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IP/Entertainment Case Law Updates

Twentieth Century Fox Film Corporation v. Warner Bros. Entertainment, Inc., et al.

Warner Bros. Entertainment announced its plans to release the motion picture Watchmen, based on the Watchmen graphic novel, on March, 6, 2009. Twentieth Century Fox Film Corp. filed suit against Warner Bros. for copyright infringement and interference with contract, claiming that through a series of agreements it owned some rights in the Watchmen graphic novel.

In August, 2008, the court denied Warner Bros.’ motion to dismiss for failure to state a claim. In this decision, the court granted summary judgment for Fox on the copyright infringement claim. (This decision is a short order in which the court gave notice to the parties of how it intends to rule on each party’s summary judgment motion; the court indicated that it would issue a longer, more detailed opinion in the future.)

In the court’s August ruling, it provided the following chronology:
  • Fox acquired the motion picture rights in Watchmen between 1986 and 1990.
  • In 1990, Fox entered into a domestic distribution agreement with Largo Entertainment, a joint venture of JVC Entertainment Inc., Golar (Lawrence Gordon), and BOH, Inc. This agreement (the “Largo Agreement”) established Fox’s domestic distribution rights in defined motion pictures (the “subject pictures”).
  • In June, 1991, Fox entered into a “Quitclaim Agreement” with Largo International, N.V. (Purchaser), through which Fox “quitclaims to Purchaser all of Fox’s right, title and interest in and to the Motion Picture project presently entitled ‘WATCHMEN’.” The agreement provided that, “if Purchaser elects to proceed to production, the[Watchmen] shall be produced by Purchaser and shall be distributed by Fox as a Subject Picture pursuant to the terms of the Largo Agreement . . . .” In consideration for the rights to Watchmen, Fox was to be reimbursed for its development costs and interest and to receive profit participation in the worldwide net proceeds of any Watchmen picture. Later in 1991, the Largo Agreement was amended and Watchmen was listed as a project quitclaimed to Largo.
  • In November, 1993, Lawrence Gordon, through his company Golar, withdrew from the Largo Entertainment joint venture and Largo conveyed any rights it had in Watchmen to Gordon/Golar. The court found that it could infer that, based on the 1991 quitclaim, Gordon now stood in the shoes of Largo with respect to Watchmen and held whatever rights it acquired through the 1991 Quitclaim, leaving Fox with the distribution rights it retained through that agreement.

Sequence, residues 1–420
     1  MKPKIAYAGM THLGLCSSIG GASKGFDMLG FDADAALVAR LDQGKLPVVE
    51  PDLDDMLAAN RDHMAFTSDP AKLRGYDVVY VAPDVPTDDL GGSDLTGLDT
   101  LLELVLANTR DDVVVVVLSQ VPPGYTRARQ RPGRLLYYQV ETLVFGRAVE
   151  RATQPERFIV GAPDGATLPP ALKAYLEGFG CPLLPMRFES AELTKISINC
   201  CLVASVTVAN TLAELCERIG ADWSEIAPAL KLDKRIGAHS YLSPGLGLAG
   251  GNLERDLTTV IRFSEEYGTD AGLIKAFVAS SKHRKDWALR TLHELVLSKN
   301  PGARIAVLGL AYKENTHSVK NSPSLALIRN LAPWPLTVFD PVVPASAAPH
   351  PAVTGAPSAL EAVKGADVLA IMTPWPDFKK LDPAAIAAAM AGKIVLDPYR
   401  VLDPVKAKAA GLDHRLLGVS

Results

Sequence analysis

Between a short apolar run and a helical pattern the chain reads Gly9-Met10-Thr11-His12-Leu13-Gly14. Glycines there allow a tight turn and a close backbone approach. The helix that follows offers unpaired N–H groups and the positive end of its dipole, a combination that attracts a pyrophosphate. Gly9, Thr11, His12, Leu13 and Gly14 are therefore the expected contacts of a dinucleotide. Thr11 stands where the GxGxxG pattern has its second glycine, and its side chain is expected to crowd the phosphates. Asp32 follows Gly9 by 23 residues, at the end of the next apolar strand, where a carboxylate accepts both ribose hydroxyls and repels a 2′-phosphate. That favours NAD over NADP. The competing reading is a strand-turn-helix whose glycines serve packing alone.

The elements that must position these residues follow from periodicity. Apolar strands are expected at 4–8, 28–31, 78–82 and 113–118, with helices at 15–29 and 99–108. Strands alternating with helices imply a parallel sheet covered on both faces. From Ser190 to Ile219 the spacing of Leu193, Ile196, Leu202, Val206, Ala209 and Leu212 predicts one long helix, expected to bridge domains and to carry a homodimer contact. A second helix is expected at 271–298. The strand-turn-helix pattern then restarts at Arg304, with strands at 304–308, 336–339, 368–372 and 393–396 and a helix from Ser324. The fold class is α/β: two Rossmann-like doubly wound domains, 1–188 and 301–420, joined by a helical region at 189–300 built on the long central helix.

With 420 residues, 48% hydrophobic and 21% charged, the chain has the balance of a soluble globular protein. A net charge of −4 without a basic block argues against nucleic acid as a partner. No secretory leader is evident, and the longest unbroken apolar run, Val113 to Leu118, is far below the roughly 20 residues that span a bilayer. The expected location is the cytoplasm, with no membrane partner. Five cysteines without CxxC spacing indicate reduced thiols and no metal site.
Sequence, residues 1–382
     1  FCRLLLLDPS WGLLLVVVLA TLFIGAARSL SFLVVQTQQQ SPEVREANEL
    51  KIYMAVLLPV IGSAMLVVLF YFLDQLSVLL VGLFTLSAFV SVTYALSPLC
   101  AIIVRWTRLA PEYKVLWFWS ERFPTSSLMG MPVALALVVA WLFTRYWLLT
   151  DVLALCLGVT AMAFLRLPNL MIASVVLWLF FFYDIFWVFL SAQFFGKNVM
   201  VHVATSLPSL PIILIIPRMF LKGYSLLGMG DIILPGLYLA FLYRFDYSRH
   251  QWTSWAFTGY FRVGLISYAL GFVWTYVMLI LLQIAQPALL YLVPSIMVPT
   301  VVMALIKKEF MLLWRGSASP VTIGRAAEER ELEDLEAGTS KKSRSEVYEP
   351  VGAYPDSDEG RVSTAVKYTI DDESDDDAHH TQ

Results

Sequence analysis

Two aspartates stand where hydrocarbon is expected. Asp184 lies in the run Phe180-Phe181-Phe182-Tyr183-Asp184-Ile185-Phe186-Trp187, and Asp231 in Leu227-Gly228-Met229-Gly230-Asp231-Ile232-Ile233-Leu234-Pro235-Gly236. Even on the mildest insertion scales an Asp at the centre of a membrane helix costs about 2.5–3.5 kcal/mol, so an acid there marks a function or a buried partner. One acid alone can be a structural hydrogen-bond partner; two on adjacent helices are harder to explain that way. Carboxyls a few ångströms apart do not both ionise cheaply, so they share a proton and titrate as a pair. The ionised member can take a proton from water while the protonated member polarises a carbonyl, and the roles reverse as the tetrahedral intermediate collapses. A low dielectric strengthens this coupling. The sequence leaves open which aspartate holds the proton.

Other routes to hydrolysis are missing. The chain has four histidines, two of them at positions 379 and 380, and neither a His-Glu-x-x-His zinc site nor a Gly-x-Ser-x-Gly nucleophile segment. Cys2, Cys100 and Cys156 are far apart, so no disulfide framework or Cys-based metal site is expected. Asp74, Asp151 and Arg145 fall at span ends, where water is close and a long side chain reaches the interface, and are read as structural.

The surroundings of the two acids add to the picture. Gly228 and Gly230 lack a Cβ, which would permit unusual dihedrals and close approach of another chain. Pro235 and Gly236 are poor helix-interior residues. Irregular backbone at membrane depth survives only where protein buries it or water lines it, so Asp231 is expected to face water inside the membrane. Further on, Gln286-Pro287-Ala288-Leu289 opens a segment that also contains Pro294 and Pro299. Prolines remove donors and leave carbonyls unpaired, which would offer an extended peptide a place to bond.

• In 1994, Fox negotiated a “Settlement and Release” agreement with Gordon which contemplated that the Watchmen project would be put in “perpetual turnaround” to Lawrence Gordon Productions, Inc. The Turnaround Notice gave Lawrence Gordon Productions the perpetual right to acquire all of the right, title and interest of Fox pursuant to the terms and conditions provided in the notice. The Turnaround Notice then described the formula for determining the buy-out price in the event that Gordon elected to acquire Fox’s interest. According to the court, this document suggests that Gordon acquired an option to acquire Fox’s interest in Watchmen for a price. The Notice also provided that the agreement was personal to Gordon and that, prior to payment, he could not assign rights or authorize any person to take any action with respect to the project.
  • In May, 2006, Warner Bros., allegedly with knowledge of the 1991 Quitclaim, entered into a quitclaim agreement with Gordon under which it claims to have acquired the rights to the Watchmen project.
In granting summary judgment to Fox on the copyright infringement claim, the court concluded that Warner Bros. could not have acquired all of the rights to Watchmen from Lawrence Gordon because Gordon did not own any rights in Watchmen – because he never exercised his option to acquire such rights from Fox. In reaching this conclusion, the court relied in part on Gordon’s agreement to and execution of a Turnaround Notice which indicated “a clear understanding that Fox owned important rights in Watchmen, including, at the very least, a distribution right, and that Gordon was required to comply with the terms and conditions of the buy-out if he wanted to acquire those rights. Because Gordon never paid the buy-out price, he never acquired Fox’s rights in Watchmen, and those rights therefore remain with Fox.”

The court concluded by saying that “the parties may wish to turn their efforts from preparing for trial to negotiating a resolution of this dispute or positioning the case for review.”

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